Since the first Bose-Einstein condensation (BEC) was produced in 1995, scientists have cooled and trapped atoms in BECs to investigate various topics in quantum many-body systems. The confinement of the atom determines the apparent properties of a BEC. Therefore, scientists are interested in producing condensation from as many atomic species as possible. A BEC consisting of europium atoms was created for this purpose by Yuki Miyazawa of the Tokyo Institute of Technology and colleagues.
Strong, magnetic dipole-dipole interactions are used by europium atoms to communicate with each other because of their unusually symmetrical electronic structure. A BEC in which the spin-dependent interactions of atoms are lower than the dipole interactions - a hitherto unknown regime - must result from a combination of these properties.
As a result, this discovery opens the door to the discovery of new facts about spin.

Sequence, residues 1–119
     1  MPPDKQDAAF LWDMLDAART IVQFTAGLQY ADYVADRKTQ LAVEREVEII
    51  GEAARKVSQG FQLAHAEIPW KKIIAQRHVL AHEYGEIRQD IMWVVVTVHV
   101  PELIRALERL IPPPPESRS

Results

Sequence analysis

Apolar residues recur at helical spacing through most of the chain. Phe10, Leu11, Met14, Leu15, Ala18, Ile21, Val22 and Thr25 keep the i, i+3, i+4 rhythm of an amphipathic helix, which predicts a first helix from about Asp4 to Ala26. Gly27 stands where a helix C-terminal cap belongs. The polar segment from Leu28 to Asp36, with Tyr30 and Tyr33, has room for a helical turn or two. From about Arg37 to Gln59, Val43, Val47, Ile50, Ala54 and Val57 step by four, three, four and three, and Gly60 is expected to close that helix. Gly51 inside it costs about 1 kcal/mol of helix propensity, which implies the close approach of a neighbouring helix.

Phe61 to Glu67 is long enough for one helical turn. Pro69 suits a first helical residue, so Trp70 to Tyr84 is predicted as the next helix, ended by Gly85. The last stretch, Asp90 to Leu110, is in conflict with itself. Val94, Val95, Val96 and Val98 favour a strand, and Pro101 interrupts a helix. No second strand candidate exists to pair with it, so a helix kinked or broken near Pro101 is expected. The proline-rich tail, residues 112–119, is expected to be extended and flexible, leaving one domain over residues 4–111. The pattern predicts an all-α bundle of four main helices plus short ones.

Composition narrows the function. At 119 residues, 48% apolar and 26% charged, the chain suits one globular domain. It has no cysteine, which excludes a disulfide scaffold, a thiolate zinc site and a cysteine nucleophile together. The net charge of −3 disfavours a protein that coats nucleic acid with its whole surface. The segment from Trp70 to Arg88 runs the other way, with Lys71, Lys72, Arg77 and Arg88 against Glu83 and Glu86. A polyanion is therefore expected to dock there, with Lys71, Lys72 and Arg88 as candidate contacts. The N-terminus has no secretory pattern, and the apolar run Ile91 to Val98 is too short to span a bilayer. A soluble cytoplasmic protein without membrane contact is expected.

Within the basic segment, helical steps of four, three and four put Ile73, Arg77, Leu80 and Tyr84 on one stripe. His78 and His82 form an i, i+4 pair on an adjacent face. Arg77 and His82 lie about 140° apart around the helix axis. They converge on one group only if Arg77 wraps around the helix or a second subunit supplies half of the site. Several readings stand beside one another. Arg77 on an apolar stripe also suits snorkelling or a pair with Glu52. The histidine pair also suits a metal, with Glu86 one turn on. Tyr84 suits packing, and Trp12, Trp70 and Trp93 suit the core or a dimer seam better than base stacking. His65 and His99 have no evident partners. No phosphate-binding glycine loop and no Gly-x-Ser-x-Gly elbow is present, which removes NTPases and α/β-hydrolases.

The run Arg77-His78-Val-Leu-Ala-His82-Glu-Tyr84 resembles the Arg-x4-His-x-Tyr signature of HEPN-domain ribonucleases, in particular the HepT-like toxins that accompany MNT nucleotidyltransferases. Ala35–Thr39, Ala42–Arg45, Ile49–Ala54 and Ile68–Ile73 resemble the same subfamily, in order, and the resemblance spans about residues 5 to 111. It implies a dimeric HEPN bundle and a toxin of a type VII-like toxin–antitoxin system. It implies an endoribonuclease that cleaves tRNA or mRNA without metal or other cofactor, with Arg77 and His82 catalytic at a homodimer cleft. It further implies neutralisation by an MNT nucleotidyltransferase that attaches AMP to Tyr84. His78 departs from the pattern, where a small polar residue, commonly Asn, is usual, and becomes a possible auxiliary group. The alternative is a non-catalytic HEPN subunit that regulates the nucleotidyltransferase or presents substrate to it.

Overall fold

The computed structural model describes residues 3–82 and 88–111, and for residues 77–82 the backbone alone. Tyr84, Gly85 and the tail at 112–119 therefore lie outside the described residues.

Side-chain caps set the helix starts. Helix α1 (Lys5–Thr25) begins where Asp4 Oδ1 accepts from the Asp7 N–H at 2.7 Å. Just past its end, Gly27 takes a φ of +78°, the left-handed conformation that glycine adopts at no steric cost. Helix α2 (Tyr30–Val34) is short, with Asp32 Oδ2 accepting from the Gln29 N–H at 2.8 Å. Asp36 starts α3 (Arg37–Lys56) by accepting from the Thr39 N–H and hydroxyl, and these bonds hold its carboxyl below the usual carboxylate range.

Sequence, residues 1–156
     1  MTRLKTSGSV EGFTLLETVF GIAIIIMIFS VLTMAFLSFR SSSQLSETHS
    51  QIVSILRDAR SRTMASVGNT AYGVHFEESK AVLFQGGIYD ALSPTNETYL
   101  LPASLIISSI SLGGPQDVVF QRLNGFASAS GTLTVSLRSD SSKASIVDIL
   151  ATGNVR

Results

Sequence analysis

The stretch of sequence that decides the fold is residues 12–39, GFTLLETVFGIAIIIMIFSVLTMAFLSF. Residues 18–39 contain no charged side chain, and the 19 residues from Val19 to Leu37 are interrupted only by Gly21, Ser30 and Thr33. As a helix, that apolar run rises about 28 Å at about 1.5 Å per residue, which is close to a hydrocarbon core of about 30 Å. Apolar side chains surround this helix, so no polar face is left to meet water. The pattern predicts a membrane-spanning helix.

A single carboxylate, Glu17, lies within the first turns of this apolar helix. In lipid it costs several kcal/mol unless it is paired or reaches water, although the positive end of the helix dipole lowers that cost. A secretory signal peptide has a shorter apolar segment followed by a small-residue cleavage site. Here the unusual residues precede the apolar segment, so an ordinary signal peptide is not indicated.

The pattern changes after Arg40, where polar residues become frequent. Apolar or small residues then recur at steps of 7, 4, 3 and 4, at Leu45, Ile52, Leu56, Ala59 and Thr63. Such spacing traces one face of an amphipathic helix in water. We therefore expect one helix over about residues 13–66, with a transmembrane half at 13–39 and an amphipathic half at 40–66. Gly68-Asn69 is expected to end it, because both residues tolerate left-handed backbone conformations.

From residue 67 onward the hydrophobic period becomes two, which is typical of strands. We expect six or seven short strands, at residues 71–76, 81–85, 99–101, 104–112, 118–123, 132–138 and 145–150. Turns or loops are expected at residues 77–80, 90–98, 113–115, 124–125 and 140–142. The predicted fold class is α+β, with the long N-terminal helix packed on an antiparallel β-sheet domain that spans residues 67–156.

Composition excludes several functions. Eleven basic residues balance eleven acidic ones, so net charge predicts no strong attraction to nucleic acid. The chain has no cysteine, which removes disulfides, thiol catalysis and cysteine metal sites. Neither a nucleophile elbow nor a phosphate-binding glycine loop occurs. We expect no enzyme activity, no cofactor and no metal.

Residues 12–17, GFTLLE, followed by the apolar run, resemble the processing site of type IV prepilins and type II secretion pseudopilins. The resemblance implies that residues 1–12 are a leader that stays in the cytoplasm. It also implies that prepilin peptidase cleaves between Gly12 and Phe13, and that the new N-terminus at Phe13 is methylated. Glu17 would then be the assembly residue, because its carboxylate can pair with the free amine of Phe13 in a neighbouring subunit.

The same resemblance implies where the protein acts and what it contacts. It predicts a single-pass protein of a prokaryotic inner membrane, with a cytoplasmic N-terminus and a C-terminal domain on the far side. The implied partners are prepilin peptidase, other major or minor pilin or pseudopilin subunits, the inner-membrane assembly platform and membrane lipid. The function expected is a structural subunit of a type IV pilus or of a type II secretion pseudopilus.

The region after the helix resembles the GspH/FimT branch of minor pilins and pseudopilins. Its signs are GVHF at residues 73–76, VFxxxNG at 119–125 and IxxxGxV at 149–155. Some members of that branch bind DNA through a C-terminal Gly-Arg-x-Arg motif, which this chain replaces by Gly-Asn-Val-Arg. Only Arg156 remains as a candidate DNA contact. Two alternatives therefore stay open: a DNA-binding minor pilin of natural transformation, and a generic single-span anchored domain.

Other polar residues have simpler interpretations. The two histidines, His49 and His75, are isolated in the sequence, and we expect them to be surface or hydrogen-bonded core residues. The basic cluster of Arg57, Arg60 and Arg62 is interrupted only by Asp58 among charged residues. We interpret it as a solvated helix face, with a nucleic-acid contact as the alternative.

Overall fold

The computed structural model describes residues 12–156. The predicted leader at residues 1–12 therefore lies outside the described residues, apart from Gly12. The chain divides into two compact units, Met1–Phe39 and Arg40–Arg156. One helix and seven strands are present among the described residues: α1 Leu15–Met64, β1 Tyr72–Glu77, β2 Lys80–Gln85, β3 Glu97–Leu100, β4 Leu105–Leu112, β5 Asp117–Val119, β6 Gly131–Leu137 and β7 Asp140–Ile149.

To produce a BEC from europium, Miyazawa and colleagues constrained europium atoms in an optical trap consisting of two crossed lasers. The scientists used evaporative cooling to keep atoms concentrated where the lasers intersect while lowering the intensity of one of the lasers.
Group 5×104 formed a BEC with atoms. Miyazawa and his colleagues discovered that they could control the strength of these connections by adding a very low magnetic field to the BEC, using techniques to monitor short-range interactions between atoms. According to experts, the adoption of this control will enable scientists to develop brand new BEC quantum phases.
The scientists also discovered evidence that BEC collapse and the structure development within it are both caused by intense dipolar interactions of atoms in images of the spatial distributions of atoms. This observation indicates that the spin-dependent interactions are in competition with these dipolar actions within the BEC.